Lawyers say sheriff thwarts tours of jail
Monday, June 13, 2005
by Maurice Possley
Interning law students at two Chicago law firms have been barred from touring Cook County Jail--a long-standing practice aimed at educating aspiring attorneys--because the firms have previously sued the sheriff's office on behalf of jail inmates, according to lawyers for one of the firms.
"This is petty vindictiveness at its finest," said Greg McConnell, an attorney at Winston & Strawn. He said the firm was told by a lawyer for Sheriff Michael Sheahan that the only way a jail tour would be granted was to sign a waiver promising never to bring any lawsuit against the sheriff's office.
Jennifer Gallinson, another Winston lawyer, said she learned of the policy last month when she tried to set up the firm's annual jail tour for summer interns.
She said she was directed to Dan Brennan, an attorney for the sheriff, who informed her that Sheahan "is no longer allowing [jail tours for] any law firms who in the present or the past had lawsuits" against the sheriff.
The sheriff's office declined to respond to telephone requests for an explanation and did not respond to a written list of questions. Efforts to reach Brennan were unsuccessful.
County Commissioner Larry Suffredin, a former public defender, said he met with lawyers for Sheahan, including Brennan, on Wednesday afternoon, and they confirmed that the firms were being barred.
"I encouraged them to talk to the law firms and asked them to reconsider and to try to work out a legitimate solution," he said.
"I used to bring lawyers--federal court law clerks--on a tour of the jail when I was a public defender," Suffredin said. "This is an important educational tool."
Suffredin said Sheahan's lawyers said the policy was unwritten and that a written waiver had yet to be drawn up.
Tours of the jail and the Criminal Courts Building often include informal meetings with such officials as Chief Judge Paul Biebel and State's Atty. Richard Devine. They have long been viewed at law firms as part of the commitment to expose law students and young lawyers to the importance of "pro bono" work--meaning without charge--on behalf of those who are financially unable to hire private lawyers.
Kimball Anderson, who heads the pro bono committee at Winston, was appointed by a federal judge to represent Stanley Jones in a lawsuit alleging that he had been beaten by gang members in the jail while awaiting trial.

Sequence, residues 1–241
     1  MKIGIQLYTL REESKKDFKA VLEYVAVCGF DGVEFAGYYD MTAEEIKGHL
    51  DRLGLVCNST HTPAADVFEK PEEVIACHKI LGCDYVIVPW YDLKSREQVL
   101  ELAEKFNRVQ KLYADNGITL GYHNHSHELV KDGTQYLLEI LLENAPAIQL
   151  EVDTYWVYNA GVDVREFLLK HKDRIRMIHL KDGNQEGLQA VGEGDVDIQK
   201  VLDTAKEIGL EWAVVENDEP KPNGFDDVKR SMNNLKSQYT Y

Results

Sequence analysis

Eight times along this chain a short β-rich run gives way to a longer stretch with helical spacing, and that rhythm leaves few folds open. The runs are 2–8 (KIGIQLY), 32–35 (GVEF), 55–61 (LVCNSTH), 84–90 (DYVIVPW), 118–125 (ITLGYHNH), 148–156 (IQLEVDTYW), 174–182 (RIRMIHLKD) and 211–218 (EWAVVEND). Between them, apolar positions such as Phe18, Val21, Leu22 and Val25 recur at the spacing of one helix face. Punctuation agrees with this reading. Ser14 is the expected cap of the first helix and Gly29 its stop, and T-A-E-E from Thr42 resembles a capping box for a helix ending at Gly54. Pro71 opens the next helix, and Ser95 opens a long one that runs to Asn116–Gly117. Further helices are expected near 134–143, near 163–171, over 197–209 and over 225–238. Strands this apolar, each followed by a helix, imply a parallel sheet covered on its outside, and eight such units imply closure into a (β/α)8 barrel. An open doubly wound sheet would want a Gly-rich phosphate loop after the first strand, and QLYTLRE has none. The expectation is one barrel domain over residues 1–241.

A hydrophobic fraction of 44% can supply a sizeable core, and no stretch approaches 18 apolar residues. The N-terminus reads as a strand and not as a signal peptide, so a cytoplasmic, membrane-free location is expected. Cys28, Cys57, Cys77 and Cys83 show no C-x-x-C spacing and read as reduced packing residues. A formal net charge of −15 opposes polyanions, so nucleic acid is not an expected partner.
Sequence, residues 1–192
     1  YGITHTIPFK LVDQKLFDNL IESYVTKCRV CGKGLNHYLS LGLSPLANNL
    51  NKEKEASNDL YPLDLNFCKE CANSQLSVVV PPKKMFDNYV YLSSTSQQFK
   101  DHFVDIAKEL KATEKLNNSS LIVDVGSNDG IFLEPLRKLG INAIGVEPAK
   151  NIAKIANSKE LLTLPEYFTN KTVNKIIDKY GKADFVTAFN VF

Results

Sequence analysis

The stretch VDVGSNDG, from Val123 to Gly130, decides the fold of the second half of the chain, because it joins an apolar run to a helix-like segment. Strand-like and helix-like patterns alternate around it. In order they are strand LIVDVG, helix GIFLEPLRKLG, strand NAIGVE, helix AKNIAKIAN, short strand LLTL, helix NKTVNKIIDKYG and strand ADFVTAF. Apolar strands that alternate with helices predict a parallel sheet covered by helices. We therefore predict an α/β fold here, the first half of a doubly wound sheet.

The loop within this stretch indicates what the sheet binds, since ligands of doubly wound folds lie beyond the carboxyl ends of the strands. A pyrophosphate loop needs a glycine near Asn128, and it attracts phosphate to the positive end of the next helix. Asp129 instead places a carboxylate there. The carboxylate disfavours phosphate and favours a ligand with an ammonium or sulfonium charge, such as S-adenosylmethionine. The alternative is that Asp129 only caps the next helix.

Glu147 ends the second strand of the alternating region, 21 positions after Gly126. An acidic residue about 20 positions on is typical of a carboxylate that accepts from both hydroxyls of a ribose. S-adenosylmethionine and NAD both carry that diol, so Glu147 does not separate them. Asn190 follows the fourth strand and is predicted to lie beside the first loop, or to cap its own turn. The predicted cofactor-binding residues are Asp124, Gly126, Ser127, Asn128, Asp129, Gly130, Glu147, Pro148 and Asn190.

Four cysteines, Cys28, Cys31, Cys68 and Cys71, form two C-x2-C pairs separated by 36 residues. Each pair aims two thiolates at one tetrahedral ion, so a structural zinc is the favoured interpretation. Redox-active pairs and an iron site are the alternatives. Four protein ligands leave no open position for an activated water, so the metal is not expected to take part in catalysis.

In 2003 a federal jury awarded Jones $775,000 after finding that the county and two former top bosses at the jail failed to take reasonable measures to protect him from the attack. The case was later settled by the county out of court for $250,000.
Gallinson said that when she asked why the firm was being barred from the tour, Brennan asked whether she was aware of the Jones case.
"I said I was aware of it," she said. She said she then asked whether Winston was being singled out. Brennan told her that lawyers from the firm of Jenner & Block were barred from bringing summer interns on a jail tour for the same reason, Gallinson said.
Jenner attorney Jeffrey Colman said, "We are not doing a jail tour this summer." He declined to comment further.
A third law firm, McGuireWoods, which has not been involved in litigation against the sheriff's office, recently was granted a jail tour for summer associates. Christina Snell, recruiting manager at the firm, said her request for a tour "is good to go. We haven't come across any stumbling blocks."
Attorney Stephen D'Amore, who oversees the summer program at Winston, said, "The actual value [of such a tour] is exposure to the real inner workings of the criminal justice system on a firsthand level and is part and parcel of what we do on a broader scale in exposing our summer associates to the justice system."
Gallinson said Brennan said the only way the tours could proceed is if visitors would sign a waiver agreeing not to file a lawsuit against the county.
"If I attended, I would [be forced to] waive my right to bring such a lawsuit," Gallinson said.
Rachel Cannon, an assistant U.S. attorney, said last week that she took such a tour in 2000 when she was an associate lawyer at Winston. She later left Winston for the Cook County state's attorney's office, where she was a state prosecutor until 2003, when she was hired as a federal prosecutor.
"It's one of the few chances of a young associate in a big firm to see the wheels of justice, and it is a way to entice young lawyers to do pro bono work, which I feel every young lawyer has a duty to do," she said.
Winston's Anderson noted that the firm was not looking for cases against the sheriff's office.
"A federal judge calls and says I need a favor--take a case pro bono," Anderson said in describing how the firm came to represent Jones. "It happens once a year."